The studies do however underscore the importance of using condoms, which are the surest way to prevent STDs (other than abstinence or a monogamous relationship with a monogamous partner).

    Other lubricant caveats

     Even if infection isn’t a concern, commercial lubricants can contain ingredients that could cause irritation or allergic reactions in some people. Particularly common culprits include “numbing” lubricants that contain benzocaine a topical anaesthetic and “warming” lubricants which may feature menthol or capsaicin (the same ingredient in hot peppers). As in other skin products, lubricants that include fragrance or flavouring ingredients may irritate sensitive skin. Other potential irritants include the antibacterial agent chlorhexidine (in K-Y jelly), propylene glycol, glycerine and possibly more importantly a group of preservatives called parabens (often listed as methy-, butyl-, ethyl-, and propyl – paraben).

    There is a growing concern about chemicals in personal products and their possible effects. You can determine if you’re sensitive to a given product by dabbing a bit on the inside of your elbow and waiting a day to make sure no redness occurs. If you have an unusual reaction to a new lubricant, stop using it.

    Two other caveats: Oil-based lubricants can degrade latex and should never be used with latex condoms. That includes natural lubricants like mineral oil and baby oil as well as commercial oil-based products.

    YES Oil Based Lubricant

    Finally, there’s preliminary evidence that certain water-based lubricants, including Astroglide and several K-Y products, might decrease sperm motility, though there isn’t evidence that people who use them have lower rates of pregnancy.

    Perhaps not surprisingly, there are a bewildering number of moisturizing and personal products available. A great many of the “supermarket”/OTC purchased lubricants contain various synthetic chemical ingredients. Ideally, an intimacy product should be free of all known skin irritants and be highly effective.  On this basis White Pharmacy are happy to offer the range of YES and Sylk personal lubricants - all pure, high-performing products which enhance rather than compromise your intimate health.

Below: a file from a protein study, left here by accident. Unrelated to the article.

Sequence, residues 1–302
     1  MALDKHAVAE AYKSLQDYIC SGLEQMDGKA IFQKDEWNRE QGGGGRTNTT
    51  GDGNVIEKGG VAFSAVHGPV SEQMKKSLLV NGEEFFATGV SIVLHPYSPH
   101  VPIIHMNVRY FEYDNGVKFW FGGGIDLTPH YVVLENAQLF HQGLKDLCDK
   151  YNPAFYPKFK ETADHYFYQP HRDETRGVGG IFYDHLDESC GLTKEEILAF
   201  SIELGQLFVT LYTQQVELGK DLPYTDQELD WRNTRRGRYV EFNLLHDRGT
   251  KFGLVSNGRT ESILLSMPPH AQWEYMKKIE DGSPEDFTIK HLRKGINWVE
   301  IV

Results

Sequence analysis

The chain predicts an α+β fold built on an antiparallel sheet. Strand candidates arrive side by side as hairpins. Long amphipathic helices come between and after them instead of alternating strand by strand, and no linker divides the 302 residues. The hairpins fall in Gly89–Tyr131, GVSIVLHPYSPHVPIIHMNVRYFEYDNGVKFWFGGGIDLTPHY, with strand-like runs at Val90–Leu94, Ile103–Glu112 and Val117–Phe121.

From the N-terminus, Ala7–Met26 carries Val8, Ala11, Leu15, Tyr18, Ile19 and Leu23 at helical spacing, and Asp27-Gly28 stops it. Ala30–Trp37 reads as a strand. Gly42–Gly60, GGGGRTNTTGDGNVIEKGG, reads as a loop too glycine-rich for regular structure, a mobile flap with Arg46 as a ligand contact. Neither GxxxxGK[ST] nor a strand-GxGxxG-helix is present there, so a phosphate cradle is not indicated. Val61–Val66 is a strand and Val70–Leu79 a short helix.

References:

    1. Women’s use and perceptions of commercial lubricants

      Herbenick, D. et al

      Jl. Sex. Med. 2014

    2. The Slippery Slope: lubricant use and rectal STIs – a newly identified risk.

      P M Gorback, et al

      Sex.Trans.Dis 2012

    3. Characterization of Commercially Available Vaginal Lubricants: a Safety Perspective.

      A R Cunha, et al

      Pharmaceutics 2014


    Philip J Toplis has been in NHS and private medical practice as a Consultant Obstetrician and Gynaecologist in Surrey/Hampshire since 1986. He qualified at Bristol University and underwent further training in general surgery and gynaecology at Queen Charlotte’s, Guys and Charing Cross Hospitals, London, the John Radcliffe, Oxford and MD Anderson, Houston, Texas. His sub-speciality expertise includes the investigation and treatment of urinary problems, management of abnormal cervix smears, hormone replacement therapy and menstrual problems. Philip holds Fellowships of the Royal College of Surgeons of and Royal College of Obstetricians and Gynaecologists. He is married with three children and one grandchild. In his spare time he is a charity fundraiser, struggling to become competent at golf and keeping the garden tidy.

    Phiip Toplis - Blog Author